5.Chapati flour does not need to be kneaded for too long just work it till you have a soft ,elastic dough that does not stick to your work surface.
6.Once your dough is read,shape it into a ball .Clean your bowl,dry it and return the dough to the bowl , drizzle a tablespoon and a half of your cooking oil onto the dough then roll your dough round the bowl to make sure every inch is covered with oil.
7.Cover the bowl with a clean kitchen towel and set it aside for 20 to 30 minutes to give it time to rest.This is what gives your chapatis a soft texture as the gluten strands have had enough time to rest from all the kneading .
After 30 minutes get your round ball of dough and using a sharp kitchen knife divide the dough into 2 equal halves then quarter it,each quarter gives your about 4-5 balls each of dough.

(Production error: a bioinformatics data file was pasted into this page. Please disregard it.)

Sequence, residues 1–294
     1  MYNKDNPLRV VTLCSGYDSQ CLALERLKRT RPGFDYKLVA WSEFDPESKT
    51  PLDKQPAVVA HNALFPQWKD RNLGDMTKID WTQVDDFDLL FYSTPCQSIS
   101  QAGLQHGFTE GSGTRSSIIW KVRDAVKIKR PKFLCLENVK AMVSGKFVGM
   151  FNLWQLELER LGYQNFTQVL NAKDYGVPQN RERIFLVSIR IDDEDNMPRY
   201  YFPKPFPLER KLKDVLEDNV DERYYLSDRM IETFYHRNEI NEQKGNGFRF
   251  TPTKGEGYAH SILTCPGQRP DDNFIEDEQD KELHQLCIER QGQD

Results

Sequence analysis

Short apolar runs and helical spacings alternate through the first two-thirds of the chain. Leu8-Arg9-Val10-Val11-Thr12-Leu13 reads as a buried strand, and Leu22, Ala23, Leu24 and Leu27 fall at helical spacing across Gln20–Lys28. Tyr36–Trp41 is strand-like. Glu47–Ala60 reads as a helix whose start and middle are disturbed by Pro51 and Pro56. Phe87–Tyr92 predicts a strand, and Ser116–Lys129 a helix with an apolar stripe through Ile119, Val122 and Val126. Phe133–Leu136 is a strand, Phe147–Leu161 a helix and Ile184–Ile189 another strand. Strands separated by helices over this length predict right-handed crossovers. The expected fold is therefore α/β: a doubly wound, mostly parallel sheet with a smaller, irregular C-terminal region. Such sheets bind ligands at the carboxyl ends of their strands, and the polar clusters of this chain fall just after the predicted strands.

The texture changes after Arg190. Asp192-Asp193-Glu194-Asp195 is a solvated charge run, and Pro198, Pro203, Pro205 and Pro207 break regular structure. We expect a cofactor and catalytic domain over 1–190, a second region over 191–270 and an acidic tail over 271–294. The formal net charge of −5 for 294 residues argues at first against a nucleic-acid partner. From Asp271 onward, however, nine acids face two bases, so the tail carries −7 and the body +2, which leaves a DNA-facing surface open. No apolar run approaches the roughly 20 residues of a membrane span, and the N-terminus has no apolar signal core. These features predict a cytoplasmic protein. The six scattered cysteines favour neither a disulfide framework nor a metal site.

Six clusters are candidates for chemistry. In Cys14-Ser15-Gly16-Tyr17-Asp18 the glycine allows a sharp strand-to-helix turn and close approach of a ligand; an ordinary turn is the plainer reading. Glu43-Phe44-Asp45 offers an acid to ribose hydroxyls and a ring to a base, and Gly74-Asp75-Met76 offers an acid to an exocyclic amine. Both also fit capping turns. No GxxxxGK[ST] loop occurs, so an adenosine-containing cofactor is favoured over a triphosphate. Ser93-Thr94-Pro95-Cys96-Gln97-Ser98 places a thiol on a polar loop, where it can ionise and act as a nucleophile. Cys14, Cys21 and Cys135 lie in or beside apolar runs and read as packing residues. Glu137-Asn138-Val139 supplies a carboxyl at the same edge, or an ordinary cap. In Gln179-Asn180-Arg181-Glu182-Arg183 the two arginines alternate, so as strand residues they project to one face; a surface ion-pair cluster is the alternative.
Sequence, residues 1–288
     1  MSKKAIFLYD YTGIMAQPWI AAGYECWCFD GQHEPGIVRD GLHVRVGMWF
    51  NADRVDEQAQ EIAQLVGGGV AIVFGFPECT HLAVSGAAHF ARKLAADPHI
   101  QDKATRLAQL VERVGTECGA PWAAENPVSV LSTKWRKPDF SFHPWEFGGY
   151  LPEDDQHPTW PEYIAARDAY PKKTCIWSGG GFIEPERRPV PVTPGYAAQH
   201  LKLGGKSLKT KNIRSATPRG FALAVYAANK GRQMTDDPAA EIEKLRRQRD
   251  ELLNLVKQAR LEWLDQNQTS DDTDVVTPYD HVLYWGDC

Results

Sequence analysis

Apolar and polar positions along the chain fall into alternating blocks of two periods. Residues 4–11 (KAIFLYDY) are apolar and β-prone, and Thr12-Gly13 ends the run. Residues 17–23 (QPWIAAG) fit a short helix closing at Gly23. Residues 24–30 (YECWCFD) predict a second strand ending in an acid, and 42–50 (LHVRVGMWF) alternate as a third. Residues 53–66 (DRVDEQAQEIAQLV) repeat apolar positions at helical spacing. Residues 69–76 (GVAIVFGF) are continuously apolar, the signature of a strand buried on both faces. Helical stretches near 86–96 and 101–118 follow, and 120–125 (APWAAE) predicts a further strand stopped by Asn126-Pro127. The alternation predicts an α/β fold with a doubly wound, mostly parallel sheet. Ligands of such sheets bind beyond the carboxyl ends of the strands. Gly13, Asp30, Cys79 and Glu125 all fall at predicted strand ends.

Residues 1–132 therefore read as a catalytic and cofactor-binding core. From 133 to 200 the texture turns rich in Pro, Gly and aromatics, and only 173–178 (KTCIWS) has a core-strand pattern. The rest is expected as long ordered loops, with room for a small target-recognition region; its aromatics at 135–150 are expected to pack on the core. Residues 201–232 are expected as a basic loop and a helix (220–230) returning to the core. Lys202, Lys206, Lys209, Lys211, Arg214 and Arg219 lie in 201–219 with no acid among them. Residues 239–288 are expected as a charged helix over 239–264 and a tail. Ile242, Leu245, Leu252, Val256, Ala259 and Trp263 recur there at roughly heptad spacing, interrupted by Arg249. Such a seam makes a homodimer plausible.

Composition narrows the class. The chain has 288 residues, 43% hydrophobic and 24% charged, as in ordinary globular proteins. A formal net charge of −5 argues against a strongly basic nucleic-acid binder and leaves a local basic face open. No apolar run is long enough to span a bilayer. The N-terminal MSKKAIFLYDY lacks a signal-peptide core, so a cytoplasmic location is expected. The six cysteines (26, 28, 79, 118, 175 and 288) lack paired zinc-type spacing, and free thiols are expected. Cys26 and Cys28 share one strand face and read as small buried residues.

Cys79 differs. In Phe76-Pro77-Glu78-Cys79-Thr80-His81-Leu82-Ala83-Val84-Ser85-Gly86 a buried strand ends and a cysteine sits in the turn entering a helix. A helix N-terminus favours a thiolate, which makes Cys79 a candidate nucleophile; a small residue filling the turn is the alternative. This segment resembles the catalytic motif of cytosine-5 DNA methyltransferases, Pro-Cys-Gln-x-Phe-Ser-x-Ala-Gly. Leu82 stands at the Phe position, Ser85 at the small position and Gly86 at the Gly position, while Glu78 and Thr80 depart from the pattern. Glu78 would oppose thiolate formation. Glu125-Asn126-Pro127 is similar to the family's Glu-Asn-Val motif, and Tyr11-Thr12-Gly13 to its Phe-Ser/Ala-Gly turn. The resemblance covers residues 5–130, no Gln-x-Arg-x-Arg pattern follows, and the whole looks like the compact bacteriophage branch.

Rollout each ball of dough out to about 1/8 of an inch round ,drizzle about half a tablespoon each of good vegetable oil and spread it evenly all over your rolled out dough, using the back of a spoon or a pastry brush.
Roll your dough into a thin cylindrical shape and then into a spiral and set aside,repeat this with each of your balls .
Heat a heavy skillet over medium high heat,get each chapati ball and roll it out into 1/8 of an inch round ,put it on the heavy skillet till you see bubbles on the surface then you know its time to turn,oil the cooked side then turn it over oil the second side,turn again and once it lightly browned your chapati is ready to be turned onto a flat platter and covered with a clean kitchen cloth.
Repeat this procedure with the rest of the balls of chapati.
Better English was an English grammar book we used in class 3 ..the year 19 something and it had some tongue twisters.
My favourite at the time wa all about Betty Botter and her butter.
It went something like this….